Pubertal and adult windows of susceptibility to a high animal fat diet in Trp53-null mammary tumorigenesis
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Yirong Zhu1, Mark D. Aupperlee2, Yong Zhao2, Ying Siow Tan2, Erin L. Kirk4, Xuezheng Sun4, Melissa A. Troester4,5,6, Richard C. Schwartz3, Sandra Z. Haslam2
1Cell and Molecular Biology Program and Breast Cancer and the Environment Research Program, Michigan State University, East Lansing, MI, USA
2Department of Physiology and Breast Cancer and the Environment Research Program, Michigan State University, East Lansing, MI, USA
3Department of Microbiology and Molecular Genetics and Breast Cancer and the Environment Research Program, Michigan State University, East Lansing, MI, USA
4Department of Epidemiology, University of North Carolina at Chapel Hill, NC, USA
5Lineberger Comprehensive Cancer Center, University of North Carolina at Chapel Hill, NC, USA
6Department of Pathology and Laboratory Medicine, University of North Carolina at Chapel Hill, NC, USA
Sandra Z. Haslam, email: firstname.lastname@example.org
Richard C. Schwartz, email: email@example.com
Keywords: dietary animal fat, breast cancer, puberty, adulthood, Trp53-null
Received: July 22, 2016 Accepted: October 19, 2016 Published: November 04, 2016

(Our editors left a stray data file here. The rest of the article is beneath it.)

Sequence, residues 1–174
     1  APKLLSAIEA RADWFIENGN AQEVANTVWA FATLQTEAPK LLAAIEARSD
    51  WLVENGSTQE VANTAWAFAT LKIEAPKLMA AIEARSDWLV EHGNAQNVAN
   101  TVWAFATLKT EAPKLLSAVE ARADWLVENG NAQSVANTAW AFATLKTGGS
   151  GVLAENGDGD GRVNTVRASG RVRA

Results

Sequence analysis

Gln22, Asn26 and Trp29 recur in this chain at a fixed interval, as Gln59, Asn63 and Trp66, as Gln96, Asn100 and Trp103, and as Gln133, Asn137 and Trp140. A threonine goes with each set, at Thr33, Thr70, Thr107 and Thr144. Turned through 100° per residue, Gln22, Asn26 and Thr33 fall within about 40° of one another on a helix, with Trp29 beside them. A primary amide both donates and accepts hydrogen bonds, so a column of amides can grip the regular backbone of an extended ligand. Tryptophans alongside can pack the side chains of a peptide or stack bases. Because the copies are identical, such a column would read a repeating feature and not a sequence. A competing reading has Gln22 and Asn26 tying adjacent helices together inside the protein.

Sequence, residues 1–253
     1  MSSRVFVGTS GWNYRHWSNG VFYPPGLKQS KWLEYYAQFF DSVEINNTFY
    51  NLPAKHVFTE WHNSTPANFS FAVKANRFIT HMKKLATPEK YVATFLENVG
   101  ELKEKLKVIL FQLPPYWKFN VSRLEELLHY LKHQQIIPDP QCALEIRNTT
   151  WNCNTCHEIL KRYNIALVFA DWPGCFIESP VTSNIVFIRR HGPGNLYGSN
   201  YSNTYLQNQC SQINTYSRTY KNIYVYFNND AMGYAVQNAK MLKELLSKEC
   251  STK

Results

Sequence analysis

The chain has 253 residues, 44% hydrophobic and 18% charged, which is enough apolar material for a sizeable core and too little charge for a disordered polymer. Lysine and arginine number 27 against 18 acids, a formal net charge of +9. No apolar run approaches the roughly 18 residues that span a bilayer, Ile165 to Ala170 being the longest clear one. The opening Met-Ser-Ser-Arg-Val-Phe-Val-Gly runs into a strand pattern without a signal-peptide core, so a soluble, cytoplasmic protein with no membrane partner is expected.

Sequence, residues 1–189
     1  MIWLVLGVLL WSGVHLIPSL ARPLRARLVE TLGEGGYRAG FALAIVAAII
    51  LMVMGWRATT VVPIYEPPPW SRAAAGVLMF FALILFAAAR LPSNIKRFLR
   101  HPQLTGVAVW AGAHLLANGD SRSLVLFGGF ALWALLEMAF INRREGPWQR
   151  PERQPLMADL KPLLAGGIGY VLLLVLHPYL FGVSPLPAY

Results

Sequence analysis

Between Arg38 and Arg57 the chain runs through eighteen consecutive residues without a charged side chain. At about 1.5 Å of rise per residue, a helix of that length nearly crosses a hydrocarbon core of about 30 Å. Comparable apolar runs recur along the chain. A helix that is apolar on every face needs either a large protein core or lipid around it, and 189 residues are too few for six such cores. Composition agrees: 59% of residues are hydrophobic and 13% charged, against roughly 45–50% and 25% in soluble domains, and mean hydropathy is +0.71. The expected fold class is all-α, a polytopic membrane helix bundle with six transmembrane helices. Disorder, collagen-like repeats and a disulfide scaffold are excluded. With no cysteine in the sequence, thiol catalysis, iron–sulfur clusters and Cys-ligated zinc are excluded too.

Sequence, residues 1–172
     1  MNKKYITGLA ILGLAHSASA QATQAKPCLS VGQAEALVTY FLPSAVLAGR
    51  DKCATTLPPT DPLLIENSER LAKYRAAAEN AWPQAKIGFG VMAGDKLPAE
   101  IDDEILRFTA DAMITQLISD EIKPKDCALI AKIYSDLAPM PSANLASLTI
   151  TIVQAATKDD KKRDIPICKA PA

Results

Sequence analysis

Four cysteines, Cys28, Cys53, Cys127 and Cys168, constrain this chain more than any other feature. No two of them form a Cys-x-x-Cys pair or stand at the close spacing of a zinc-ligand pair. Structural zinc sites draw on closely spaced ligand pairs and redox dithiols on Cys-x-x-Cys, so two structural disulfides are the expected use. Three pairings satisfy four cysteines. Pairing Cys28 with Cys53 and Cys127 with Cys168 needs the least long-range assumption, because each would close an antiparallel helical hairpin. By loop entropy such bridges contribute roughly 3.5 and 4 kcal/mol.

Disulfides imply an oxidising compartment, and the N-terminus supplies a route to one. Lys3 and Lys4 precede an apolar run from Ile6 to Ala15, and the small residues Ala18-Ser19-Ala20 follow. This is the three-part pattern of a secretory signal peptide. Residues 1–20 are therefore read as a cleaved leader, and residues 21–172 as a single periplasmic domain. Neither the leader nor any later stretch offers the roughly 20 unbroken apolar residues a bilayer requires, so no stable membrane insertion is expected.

Premenopausal breast cancer is associated with increased animal fat consumption among normal weight, but not overweight women (Farvid et al., 2014). Our previous findings in obesity-resistant BALB/c mice similarly showed promotion of carcinogen-induced mammary tumorigenesis by a diet high in saturated animal fat (HFD). This effect was specific to pubertal versus adult HFD. This study identifies the effects of HFD during puberty versus adulthood in Trp53-null transplant BALB/c mice and investigates its mechanism of enhancing tumorigenesis. Either pubertal or adult HFD is sufficient to increase incidence of Trp53-null mammary tumors. Puberty-restricted HFD exposure promoted tumor cell proliferation, increased angiogenesis, and increased recruitment of total and M2 macrophages in epithelial tumors. Adult-restricted exposure to HFD similarly increased proliferation, angiogenesis, recruitment of total and M2 macrophages, and additionally reduced apoptosis. Adult HFD also increased incidence of spindle cell carcinomas resembling claudin-low breast cancer, and thus adult HFD in the Trp53-null transplantation system may be a useful model for human claudin low breast cancer. Importantly, these results on Trp53-null and our prior studies on DMBA-induced mammary tumorigenesis demonstrate a pubertal window of susceptibility to the promotional effects of HFD, indicating the potential of early life dietary intervention to reduce breast cancer risk.
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